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Is 'Soylent' Going To Replace Our Traditional Food With Thick Fluid?

Soylent the smoothie-like substance, which began life as a crowdfunding sensation last year before attracting heavyweight investors like Andreessen Horowitz, is basically powdered science — human nutrition reduced to its most basic essentials. Thousands of years of culinary knowledge have been tossed aside, all in the name of efficiency.

Soylent isn't just a science experiment for Silicon Valley movers and shakers who don’t have time to eat: eking out maximum caloric bang for your buck with a nutritionally complete substance could eventually be a huge deal in impoverished areas of the world.

But these are early days, and today, we’re talking about a journalist coming to grips with surviving solely on powdered food.

The name “Soylent” is a reference to the 1973 film Soylent Green, in which it’s revealed that a futuristic new food designed to feed an overcrowded Earth is made of people.

Getting Soylent

The first challenge to living on Soylent is obtaining it, which is surprisingly difficult. Soylent is asking new customers to wait 10 to 12 weeks for shipment deliveries. Return customers are given priority, so the life-giving paste might flow uninterrupted once you've gotten your first order; it’s just that getting that first order isn’t particularly easy.

Making Soylent

Before your initial Soylent shipment arrives, the company sends out a couple tools to help you concoct the mixture: a nicely made metal scoop designed to measure out a single serving, and a transparent 2-quart pitcher made by Takeya for storing an entire day’s worth of liquid at once. The pitcher isn’t designed specifically for Soylent — it’s actually an all-purpose unit designed with iced tea in mind — but it’s BPA-free, so that’s a plus.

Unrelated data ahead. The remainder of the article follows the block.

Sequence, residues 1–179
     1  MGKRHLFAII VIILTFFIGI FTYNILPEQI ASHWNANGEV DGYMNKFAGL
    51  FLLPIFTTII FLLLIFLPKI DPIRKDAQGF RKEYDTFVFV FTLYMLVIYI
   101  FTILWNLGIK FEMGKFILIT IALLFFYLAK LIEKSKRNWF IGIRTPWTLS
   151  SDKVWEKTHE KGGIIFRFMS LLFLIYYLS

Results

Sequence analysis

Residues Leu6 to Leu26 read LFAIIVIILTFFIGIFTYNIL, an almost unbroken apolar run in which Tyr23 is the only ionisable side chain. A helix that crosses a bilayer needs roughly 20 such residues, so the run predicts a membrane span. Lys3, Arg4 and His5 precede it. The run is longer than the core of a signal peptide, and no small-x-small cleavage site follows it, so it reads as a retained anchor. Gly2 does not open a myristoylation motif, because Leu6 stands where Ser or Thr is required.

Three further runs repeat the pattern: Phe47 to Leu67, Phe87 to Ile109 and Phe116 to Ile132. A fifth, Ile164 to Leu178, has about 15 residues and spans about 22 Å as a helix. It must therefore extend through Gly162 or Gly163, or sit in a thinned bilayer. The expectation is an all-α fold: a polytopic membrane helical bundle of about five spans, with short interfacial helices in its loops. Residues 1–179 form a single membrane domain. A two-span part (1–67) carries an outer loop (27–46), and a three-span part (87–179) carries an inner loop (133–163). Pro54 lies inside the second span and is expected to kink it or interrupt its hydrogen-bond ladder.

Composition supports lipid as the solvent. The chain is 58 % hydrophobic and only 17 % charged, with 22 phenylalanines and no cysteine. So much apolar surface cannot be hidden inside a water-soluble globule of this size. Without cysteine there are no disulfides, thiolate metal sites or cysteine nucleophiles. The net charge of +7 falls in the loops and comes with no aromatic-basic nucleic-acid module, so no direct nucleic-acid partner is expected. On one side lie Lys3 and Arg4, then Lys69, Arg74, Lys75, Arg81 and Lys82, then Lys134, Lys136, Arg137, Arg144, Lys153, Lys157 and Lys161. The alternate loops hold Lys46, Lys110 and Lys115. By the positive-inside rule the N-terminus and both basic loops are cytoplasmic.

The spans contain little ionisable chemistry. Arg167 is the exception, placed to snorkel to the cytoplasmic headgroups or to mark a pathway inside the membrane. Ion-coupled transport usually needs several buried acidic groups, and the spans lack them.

When the Soylent mixture itself is finally delivered to your door, you’ll find long, white boxes with "Soylent" printed across the side, which means your low-tech neighbors will definitely suspect you’re eating people. Each box contains seven packets of powder — one per day — paired with seven bottles of a fish oil / canola oil blend. The bottles look like those travel-size shampoos you find at drug stores or in hotel rooms; they’re convenient, but they seem wasteful since you’re unscrewing one and throwing it away every single day.

Making a full day’s batch is easy enough with the supplies included: dump a full packet into the pitcher, fill the rest with water, then add the oil and shake the mixture for 30 seconds.

Living on Soylent

Of course, there’s a big difference between trying a few sips of Soylent and having it substantially replace your entire diet.

The real problem is that Soylent ignores the social and entertainment value of eating: food is not merely sustenance, it’s a tightly woven part of our everyday lives. How many times have you commiserated with a colleague over lunch? Planned a date over dinner? Met with friends for drinks? A strict diet of beige liquid fundamentally changes the patterns of your daily life, and not entirely for the better. It isolates you in ways you may not necessarily consider.

If you are not a foodie, I can pretty say Soylent is the solution for you. Otherwise, it’s mainly a great reminder of why food is awesome: it looks good, it tastes great, and it brings us together. No pitcher of Soylent is ever going to do that.

Rick Jonathan
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